Success is sealed with a kiss for Crucible musical

'Another opening of another show', as the opening song to Kiss Me Kate says - and what a great show it is, another in a long line of successful Crucible Christmas musicals.

Wednesday, 12th December 2018, 10:07 pm
Updated Wednesday, 12th December 2018, 11:25 pm
Kiss Me Kate. Picture: Manuel Harlan

The story is set backstage in a theatre and from the lengthy opening number, which takes place as the cast are gathering to start rehearsals, you feel are in the hands of a talented team who really know how to make a show tune sparkle.

The show that the actors are rehearsing is a Broadway adaptation of Shakespeare's Taming of the Shrew, where Petruchio seeks to tame the angrily reluctant Katharine, and leading man Fred (Edward Baker-Duly) is having similar troubles with his ex-wife and co-star (Rebecca Lock).

Joel Montague and Delroy Atkinson as The Gangsters. Photo by Manuel Harlan

Their romantic troubles even break out on stage, threatening to disrupt the whole show, as life imitates art.

Cue the arrival of a couple of gangsters who want to settle a gambling debt. They are willing to accompany the leading lady on stage to make sure she doesn't make good on her threat to leave, as that means they won't get their money back.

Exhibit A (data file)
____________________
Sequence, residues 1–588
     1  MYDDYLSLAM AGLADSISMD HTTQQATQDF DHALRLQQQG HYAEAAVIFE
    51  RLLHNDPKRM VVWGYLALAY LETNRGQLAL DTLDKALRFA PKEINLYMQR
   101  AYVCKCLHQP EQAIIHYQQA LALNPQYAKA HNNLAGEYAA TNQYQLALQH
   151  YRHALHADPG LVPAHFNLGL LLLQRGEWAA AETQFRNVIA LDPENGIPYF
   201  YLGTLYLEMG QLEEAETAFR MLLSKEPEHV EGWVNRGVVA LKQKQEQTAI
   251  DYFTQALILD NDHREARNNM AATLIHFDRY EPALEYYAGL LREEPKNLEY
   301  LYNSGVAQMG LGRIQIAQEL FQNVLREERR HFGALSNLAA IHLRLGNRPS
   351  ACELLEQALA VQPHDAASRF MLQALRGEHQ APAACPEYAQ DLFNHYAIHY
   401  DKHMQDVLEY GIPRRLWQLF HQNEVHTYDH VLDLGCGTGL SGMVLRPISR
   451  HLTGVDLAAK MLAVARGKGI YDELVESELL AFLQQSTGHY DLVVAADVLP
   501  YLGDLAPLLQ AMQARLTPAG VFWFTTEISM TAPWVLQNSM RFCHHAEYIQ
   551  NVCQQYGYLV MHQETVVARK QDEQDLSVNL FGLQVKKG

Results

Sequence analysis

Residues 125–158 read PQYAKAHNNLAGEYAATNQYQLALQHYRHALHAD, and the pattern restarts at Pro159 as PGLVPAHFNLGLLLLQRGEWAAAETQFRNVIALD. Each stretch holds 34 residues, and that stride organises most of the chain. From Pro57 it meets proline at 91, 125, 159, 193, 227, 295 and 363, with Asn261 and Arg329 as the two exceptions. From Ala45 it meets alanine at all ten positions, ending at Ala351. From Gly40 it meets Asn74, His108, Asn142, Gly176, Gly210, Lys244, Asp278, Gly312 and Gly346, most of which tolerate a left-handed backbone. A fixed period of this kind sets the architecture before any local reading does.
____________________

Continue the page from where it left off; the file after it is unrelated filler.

Delroy Atkinson and Joel Montague are a great pair of comic scene-stealers and they do a fantastic job with their big number, Brush Up Your Shakespeare.

Jamie Campbell, the real-life inspiration for Sheffield-born musical Everyone's Talking about Jamie, was in the audience last night to cheer on Layton Williams, who is about to take the show's lead role in the West End. Judging from his fabulous performance of Too Darn Hot, he'll take London by storm.

Rebecca Lock as Lilli Vanessi, in Kiss me, Kate

The two leads Edward and Rebecca both have some great numbers that they perform beautifully and Amy Ellen Richardson and Dex Lee, playing another troubled couple, give them a run for their money.

Slick direction from Paul Foster and clever choreography from Strictly's Matt Flint help to give the show its wow factor.

Janet Bird's vibrant designs also work well to help create the right atmosphere.

The only thing that really jars about this show is the sexism that runs through the show, which feels horribly dated in the #MeToo era

Edward Baker Duly as Petruchio in Kiss me, Kate. Picture: Manuel Harlan

Some of the big numbers also went on too long but a great cast created a thoroughly enjoyable evening together.

Kiss Me Kate is at the Crucible until January 12. Box office; www.sheffieldtheatres.co.uk 

Layton Williams and the Company of Kiss Me, Kate. Picture: Manuel Harlan